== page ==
Digital Equity is the social justice goal of ensuring that everyone in our society has equal access to technology tools, computers and the Internet. It is when all individuals have the knowledge and skills to access and use technology tools, computers and the Internet.

The unconference explored three key themes – the concept of Digital Citizenship; the interplay between Computer Science, Social Informatics and Digital Wisdom, and the implications these questions have for professional development.

A significant outcome of the discussions was a series of key questions that should be considered if we aspire to ensure the technology revolution can deliver better outcomes for all. These questions include:

  • Do we need the term Digital Citizenship, or is it just Citizenship?
  • Do different countries, cultures and institutions play a part in influencing in how Digital Citizenship is evolving or in people’s perception or their role as a Digital Citizen?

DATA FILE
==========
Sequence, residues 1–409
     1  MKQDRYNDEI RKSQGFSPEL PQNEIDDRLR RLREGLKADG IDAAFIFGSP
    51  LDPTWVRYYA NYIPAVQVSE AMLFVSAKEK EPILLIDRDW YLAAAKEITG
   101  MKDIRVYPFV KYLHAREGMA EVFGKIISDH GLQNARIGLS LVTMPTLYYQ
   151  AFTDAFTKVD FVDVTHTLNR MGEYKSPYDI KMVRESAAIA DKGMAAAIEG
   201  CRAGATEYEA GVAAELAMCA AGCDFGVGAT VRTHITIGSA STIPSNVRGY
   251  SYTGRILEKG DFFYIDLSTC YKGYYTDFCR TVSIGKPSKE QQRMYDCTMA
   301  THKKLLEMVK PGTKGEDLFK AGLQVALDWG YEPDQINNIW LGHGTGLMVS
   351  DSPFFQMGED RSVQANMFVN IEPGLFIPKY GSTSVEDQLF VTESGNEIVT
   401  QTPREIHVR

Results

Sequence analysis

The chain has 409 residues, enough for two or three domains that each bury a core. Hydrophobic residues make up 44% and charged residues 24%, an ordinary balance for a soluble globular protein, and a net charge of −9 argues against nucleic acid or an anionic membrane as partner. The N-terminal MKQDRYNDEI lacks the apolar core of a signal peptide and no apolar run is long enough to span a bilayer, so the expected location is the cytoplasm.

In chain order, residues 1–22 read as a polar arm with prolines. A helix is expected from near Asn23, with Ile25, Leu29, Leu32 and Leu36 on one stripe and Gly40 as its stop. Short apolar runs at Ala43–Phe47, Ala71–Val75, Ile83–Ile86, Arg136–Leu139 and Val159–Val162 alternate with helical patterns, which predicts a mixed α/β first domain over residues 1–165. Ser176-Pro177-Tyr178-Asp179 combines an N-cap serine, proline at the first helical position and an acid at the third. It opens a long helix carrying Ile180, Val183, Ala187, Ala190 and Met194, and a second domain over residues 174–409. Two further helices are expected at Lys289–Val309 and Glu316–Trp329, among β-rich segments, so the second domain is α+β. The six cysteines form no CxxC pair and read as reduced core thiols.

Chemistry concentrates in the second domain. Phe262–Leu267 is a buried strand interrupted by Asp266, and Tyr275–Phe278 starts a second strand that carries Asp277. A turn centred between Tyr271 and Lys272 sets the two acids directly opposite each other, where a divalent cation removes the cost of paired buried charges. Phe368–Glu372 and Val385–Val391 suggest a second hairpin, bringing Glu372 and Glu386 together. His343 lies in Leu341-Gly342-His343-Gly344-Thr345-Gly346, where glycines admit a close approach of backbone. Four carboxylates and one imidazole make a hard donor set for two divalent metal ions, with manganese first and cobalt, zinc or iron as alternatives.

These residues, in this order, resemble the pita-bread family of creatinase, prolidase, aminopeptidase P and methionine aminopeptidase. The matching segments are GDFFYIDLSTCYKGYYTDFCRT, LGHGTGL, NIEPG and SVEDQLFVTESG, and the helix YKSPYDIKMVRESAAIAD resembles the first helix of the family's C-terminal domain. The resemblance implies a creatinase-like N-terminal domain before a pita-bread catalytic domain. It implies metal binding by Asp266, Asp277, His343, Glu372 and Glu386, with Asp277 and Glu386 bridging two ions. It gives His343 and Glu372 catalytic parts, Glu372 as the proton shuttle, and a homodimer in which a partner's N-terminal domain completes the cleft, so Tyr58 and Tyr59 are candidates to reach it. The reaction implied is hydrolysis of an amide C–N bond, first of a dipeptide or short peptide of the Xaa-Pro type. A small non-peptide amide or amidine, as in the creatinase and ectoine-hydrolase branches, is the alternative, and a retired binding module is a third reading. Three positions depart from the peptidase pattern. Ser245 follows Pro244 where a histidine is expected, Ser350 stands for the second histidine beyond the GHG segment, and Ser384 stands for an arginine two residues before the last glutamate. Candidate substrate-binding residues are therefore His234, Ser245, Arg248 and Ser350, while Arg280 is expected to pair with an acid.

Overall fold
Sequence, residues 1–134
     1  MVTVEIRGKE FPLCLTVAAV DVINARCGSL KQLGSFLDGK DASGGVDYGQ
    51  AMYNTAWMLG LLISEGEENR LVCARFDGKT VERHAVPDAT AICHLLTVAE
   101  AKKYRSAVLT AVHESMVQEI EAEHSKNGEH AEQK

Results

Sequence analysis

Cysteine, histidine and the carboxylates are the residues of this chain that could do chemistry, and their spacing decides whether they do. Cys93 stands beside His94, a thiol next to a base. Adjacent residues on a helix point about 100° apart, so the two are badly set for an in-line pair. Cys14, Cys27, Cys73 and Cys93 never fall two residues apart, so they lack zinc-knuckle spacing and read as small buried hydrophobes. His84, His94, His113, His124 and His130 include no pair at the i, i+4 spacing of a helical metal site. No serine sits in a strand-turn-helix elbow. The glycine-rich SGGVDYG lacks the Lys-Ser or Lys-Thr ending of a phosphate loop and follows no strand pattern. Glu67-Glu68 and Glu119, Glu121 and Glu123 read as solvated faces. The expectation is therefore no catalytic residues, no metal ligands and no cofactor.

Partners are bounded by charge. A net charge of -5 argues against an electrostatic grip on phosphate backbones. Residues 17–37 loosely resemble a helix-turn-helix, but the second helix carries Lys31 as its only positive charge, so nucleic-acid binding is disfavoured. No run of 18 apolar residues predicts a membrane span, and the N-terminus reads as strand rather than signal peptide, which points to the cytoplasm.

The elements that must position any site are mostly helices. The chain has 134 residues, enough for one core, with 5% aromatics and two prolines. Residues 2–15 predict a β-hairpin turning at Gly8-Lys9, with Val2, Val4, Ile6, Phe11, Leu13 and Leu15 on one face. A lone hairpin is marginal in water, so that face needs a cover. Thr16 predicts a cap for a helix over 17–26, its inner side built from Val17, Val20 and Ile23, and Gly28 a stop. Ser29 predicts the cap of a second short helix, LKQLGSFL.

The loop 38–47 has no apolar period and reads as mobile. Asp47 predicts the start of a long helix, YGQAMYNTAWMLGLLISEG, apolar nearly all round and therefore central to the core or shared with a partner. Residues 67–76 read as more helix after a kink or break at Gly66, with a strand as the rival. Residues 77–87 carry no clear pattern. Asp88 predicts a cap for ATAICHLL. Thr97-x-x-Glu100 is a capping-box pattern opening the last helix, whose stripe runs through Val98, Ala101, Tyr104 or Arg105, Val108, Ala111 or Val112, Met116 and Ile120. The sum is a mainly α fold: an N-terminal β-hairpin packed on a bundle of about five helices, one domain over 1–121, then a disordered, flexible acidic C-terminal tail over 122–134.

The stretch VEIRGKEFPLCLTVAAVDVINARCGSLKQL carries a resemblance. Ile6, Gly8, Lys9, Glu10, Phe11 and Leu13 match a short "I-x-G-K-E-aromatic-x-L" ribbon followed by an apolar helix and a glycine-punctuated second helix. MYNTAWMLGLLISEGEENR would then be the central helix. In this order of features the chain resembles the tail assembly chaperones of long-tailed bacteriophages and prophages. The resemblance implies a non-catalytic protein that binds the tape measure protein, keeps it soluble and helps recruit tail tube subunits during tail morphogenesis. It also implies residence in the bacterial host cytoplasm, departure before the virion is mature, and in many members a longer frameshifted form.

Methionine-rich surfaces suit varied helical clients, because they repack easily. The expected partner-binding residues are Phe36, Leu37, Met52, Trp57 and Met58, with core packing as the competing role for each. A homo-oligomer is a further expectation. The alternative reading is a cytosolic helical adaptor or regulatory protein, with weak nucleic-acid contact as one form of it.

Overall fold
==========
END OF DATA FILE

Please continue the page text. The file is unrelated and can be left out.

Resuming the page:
• Must a computer scientist be literate in social informatics and digital wisdom?
  • Is it possible to infuse “soft” technological systems into very “hard” educational systems?


Second draft of the White Paper produced by the group


MirandaNet has archived previous material on this topic.
For example see this list for ‘citizenship’ on mirandanet.org.uk 

Individuals were asked to provide keynote presentations under each theme. Following the presentations, three larger groups were organised to discuss and make notes on each of the themes.


Names may be linked to accompanying visual aids or notes if available.

What makes a successful Digital Citizen? An international feel. What is the relationship between Computer Science, Social Informatics and Digital Wisdom? How can we ensure the development of successful Digital Citizens?
Gunilla Bradley* Sandra Stark* Avril Loveless
Pilar Quezzaire/Andy Mayes Ian Lynch Patricia Charlton